- The Washington Times - Wednesday, June 19, 2013

Chicago Teachers Union President Karen Lewis tore into Mayor Rahm Emanuel’s kitchen cabinet Tuesday, blaming racism and “rich white people” for why the city’s schools are in a fiscal crisis, the Chicago Tribune reported.

“Members of the status quo, the people who are running the schools and advising the mayor on how best to run our district, know what good education looks like because they have secured it for their own children in well-resourced public and private institutions,” Ms. Lewis said Tuesday during a speech to the City Club of Chicago. “When will there be an honest conversation about poverty and racism and inequality that hinders the delivery of an education product in our school system? When will we address the effect that rich white people think they know what’s in the best interest of children of African Americans and Latinos, no matter what the parents’ income or education level?”

“And when did all these venture capitalists become so interested in the lives of minority students in the first place?” Lewis asked. “There’s something about these folks who love the kids but hate their parents. There’s something about these folks who use little black and brown children as stage props at one press conference while announcing they want to fire, layoff or lock up their parents at another press conference.”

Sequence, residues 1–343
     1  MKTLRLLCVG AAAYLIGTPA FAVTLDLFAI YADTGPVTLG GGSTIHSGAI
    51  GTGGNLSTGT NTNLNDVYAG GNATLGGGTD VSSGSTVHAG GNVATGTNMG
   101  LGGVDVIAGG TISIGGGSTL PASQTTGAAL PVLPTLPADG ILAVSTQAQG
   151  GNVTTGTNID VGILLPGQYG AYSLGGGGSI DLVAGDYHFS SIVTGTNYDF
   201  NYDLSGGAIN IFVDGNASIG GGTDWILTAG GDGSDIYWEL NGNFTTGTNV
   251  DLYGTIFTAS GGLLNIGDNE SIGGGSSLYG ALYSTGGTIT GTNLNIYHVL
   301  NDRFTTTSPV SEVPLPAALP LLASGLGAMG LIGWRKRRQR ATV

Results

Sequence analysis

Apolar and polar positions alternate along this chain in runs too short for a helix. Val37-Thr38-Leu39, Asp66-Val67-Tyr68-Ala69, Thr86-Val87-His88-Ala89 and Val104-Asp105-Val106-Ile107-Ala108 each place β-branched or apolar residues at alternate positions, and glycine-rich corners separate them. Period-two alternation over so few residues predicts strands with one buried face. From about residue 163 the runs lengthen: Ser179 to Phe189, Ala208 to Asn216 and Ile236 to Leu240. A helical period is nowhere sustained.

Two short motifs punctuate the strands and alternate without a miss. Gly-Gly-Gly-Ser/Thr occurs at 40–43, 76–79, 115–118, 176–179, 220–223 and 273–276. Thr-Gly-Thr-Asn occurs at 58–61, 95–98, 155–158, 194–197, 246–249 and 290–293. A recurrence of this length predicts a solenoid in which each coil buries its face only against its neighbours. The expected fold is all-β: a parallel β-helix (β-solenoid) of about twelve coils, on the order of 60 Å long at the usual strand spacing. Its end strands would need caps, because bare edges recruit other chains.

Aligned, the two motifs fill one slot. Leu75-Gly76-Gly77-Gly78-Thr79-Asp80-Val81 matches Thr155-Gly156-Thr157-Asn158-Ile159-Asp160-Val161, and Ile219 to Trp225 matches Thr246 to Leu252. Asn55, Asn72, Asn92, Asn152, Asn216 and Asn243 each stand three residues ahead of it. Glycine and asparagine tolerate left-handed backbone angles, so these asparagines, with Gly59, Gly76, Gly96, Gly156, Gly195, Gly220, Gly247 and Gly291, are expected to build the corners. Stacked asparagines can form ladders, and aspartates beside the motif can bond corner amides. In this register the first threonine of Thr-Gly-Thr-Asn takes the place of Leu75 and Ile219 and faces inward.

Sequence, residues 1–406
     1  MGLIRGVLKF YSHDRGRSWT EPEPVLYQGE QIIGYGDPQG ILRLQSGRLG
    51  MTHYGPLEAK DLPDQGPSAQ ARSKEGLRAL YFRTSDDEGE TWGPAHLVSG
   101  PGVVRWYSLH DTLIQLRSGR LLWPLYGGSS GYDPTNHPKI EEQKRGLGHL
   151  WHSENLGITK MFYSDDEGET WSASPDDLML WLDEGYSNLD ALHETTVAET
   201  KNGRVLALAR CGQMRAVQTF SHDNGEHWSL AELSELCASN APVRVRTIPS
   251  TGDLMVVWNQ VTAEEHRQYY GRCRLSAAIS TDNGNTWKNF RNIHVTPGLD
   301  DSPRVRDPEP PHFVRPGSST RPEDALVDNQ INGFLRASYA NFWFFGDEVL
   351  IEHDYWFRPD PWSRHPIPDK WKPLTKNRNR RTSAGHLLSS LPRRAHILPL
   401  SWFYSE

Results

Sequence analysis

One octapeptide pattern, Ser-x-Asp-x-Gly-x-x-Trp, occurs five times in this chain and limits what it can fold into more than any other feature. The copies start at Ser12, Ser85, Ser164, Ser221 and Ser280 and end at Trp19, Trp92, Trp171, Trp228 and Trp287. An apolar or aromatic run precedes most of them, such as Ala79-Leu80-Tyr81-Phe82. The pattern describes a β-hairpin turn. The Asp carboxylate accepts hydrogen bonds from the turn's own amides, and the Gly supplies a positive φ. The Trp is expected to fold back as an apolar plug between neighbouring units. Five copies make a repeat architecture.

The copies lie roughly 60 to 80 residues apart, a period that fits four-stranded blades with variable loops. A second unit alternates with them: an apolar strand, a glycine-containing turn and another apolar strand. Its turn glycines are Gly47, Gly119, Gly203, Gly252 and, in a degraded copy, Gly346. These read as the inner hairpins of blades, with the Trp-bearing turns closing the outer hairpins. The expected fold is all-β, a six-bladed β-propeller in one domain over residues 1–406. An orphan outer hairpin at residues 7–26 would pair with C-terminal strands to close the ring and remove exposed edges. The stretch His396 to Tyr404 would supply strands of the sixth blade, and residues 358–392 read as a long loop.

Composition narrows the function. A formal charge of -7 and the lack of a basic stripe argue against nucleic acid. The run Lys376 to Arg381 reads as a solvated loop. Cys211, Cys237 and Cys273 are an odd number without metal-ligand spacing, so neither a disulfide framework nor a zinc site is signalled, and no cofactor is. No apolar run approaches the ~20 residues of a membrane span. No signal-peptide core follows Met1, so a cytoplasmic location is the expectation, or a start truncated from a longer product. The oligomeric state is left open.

Ms. Lewis called for a “progressive tax” that would tax the wealthier at a greater rate compared to the state’s flat-rate income tax, the Chicago Tribune reported. She also proposed a new financial transfer tax and a commuter tax.

Asked if the city schools also should boost property taxes, Lewis said, “Yes. If you look at a majority of the tax base for property taxes in Chicago, they’re mostly white, who don’t have a real interest in paying for the education of poor black and brown children. We don’t want to say that out loud.”

After proposing billions in new taxes, Ms. Lewis insisted that her proposal isn’t radical.

“There is nothing radical about me other than I want each and every student in Chicago to get the best education we have to offer–an equal education,” she said, according to Substance News.

• Jessica Chasmar can be reached at jchasmar@washingtontimes.com.

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